Trainor is an interdisciplinary artist, writer and performer, her work has been shown and performed locally and internationally. She completed her Masters at the Interactive Telecommunications Program at Tisch School of the Arts/New York University and achieved Doctoral Candidacy at the University of Washington’s Center for Digital Art & Experimental Media.

Elisa Chavez

Manifest destiny, police violence, constellations drawn in red lines. The privilege of stargazing in a world of manmade light pollution. These themes and more populate Elisa’s latest work in progress: an elegy for Charleena Lyles, a Seattle mother of four unjustly killed by police in 2017. From Seattle’s past and into the future, the work asks, who belongs in this space?

Chavez is a poet and writer based in Seattle. She has been an artist in residence at Town Hall Seattle and the Seattle Review of Books, served on the boards of Seattle Poetry Slam and Rain City Slam, and represented Seattle at national poetry slams. She knows almost nothing about love.

Emmett Montgomery

Seattle teems with critical sites—far more concerning than outer space—which demand immediate inquiry. Sites that hold incredible promise for scientific breakthrough and discovery, if only we could get the funding. For example, the vast constellation known colloquially as “the gum wall.”

Montgomery is a comedian/storyteller who was made in Utah but has lived in Seattle for most of the 21st century and been failing beautifully on and off the stage for over a decade. When he is not wandering the country telling jokes and falling in love with America, he produces local shows that focus on building community, pushing the limits of what it means to be a performer and celebrating the unique beauty of the city he lives in.

Poster for the SSASS block party
SSASS Block Party (6-9pm)

Street party immediately following the Symposium, in front of Pipsqueak on 16th Avenue at the corner of Spruce Street. Live music, a food truck, plus performances:


No Gods, No Spaceships

A lively musical reinterpretation of the Apollo 11 moon landing with child actors singing the famously flubbed lines of Neil Armstrong. Revisit history without the excess patriotism.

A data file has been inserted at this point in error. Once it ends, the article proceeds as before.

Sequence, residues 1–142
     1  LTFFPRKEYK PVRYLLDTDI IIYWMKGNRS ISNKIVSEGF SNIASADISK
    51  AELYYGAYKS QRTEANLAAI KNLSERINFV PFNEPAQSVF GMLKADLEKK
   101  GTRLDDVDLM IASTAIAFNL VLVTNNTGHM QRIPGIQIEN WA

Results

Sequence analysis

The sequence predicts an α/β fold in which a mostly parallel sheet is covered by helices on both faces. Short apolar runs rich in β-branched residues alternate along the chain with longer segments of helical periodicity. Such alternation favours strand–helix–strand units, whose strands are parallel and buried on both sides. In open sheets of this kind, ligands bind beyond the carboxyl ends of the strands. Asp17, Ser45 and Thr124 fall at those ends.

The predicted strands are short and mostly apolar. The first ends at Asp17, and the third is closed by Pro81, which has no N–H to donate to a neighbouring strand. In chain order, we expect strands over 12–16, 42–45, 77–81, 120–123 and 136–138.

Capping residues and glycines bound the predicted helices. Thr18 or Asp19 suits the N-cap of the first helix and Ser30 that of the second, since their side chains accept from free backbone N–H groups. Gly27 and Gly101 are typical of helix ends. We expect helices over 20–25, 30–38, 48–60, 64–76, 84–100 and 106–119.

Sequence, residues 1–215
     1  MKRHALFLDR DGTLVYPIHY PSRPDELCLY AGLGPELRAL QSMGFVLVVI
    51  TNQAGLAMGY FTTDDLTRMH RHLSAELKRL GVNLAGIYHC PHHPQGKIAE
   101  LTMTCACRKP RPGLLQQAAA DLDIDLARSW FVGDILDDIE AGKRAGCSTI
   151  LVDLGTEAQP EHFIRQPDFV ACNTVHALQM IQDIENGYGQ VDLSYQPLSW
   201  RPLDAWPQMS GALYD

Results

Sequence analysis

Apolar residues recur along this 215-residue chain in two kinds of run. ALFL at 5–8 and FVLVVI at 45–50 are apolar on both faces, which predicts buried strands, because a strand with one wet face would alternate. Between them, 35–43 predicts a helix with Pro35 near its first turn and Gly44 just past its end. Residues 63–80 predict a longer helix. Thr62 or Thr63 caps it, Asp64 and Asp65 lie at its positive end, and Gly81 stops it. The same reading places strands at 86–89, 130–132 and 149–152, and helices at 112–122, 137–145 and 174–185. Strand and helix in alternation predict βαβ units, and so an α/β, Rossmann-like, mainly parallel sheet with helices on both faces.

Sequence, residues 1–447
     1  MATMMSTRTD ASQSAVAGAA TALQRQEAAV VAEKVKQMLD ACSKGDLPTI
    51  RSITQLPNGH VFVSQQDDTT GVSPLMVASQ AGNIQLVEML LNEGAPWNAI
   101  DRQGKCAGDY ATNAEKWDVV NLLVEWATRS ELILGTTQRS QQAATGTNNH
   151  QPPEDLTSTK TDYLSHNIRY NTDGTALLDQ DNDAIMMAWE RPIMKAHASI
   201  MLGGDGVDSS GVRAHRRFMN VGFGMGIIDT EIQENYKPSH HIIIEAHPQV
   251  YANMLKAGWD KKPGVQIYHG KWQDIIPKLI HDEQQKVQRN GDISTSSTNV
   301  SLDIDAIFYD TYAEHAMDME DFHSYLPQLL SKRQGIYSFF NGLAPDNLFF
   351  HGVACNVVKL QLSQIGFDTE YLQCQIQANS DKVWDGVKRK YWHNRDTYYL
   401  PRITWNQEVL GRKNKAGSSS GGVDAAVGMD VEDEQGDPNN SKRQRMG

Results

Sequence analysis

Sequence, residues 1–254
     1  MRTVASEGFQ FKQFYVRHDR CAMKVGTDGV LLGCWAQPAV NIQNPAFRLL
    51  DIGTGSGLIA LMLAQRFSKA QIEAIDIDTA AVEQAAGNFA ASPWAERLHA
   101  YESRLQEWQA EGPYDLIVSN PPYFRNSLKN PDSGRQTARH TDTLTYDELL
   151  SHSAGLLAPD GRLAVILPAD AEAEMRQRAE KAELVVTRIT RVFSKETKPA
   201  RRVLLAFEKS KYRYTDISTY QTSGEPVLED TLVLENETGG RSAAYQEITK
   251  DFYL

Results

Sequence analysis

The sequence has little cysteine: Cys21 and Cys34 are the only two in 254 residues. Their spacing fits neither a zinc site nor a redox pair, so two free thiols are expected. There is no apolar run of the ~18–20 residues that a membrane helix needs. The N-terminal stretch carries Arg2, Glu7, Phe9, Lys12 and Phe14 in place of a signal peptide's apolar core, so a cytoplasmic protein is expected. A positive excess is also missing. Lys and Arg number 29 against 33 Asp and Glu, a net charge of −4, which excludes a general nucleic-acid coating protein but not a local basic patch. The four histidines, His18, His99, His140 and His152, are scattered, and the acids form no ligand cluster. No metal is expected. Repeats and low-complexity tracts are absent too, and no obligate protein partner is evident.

Daddy Daddy & Daddy

An art collective born of a necessity to recategorize & redistribute power & wealth in a city where we all serve Daddy Bezos (among other billionaire daddies). You can be a Daddy, too.

Arthur Anderson

A cellist, performing artist, and anti-capitalist. They write songs about inequality, white supremacy, neoliberalism and the Spectacle of capitalism.


Moody punk band with an appetite for minor chords & a funny smell.


Traditional beef hotdogs or field-roast veggie dogs complete with fixings, all held in a bun by gravity.

Sunday July 21, 2-4 pm

Field Trip

The Museum of Flight
9404 E Marginal Way S
Seattle, 98108

Requires purchase of museum ticket.

“A Highly Opinionated Tour” of The Museum of Flight

Dress in your silvery space best for a highly-opinionated, guided tour of corporate and militarized space knickknacks cloistered in South Seattle. Pull the veil off the faux-patriotic, ridicule space junk worship, resist corporate domination of space— while there’s still time!

More details TBA.

Sunday July 21, 6-10 pm


115 Legion
115 Legion Way SW
Olympia, 98501

Olympia Against Space

A mini-symposium and panel presented in conjunction with SSASS. A series of short (~15 minute) presentations followed by a panel with all presenters, open for discussion and questions. Copies of Don’t Let Them Leave zine will be available.

See the 115 Legion page for more information.


Jed Walsh

Daniel R. Smith

Download our press release here.